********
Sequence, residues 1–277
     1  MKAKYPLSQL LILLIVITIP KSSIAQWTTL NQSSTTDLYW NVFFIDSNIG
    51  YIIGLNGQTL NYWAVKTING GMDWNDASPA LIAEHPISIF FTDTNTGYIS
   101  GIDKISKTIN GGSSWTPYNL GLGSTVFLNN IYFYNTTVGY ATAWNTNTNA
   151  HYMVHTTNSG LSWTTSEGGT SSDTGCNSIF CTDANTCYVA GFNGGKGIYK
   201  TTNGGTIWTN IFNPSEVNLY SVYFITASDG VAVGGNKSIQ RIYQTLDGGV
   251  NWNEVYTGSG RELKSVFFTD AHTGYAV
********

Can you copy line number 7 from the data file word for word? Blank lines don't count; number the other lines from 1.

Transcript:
   251  NWNEVYTGSG RELKSVFFTD AHTGYAV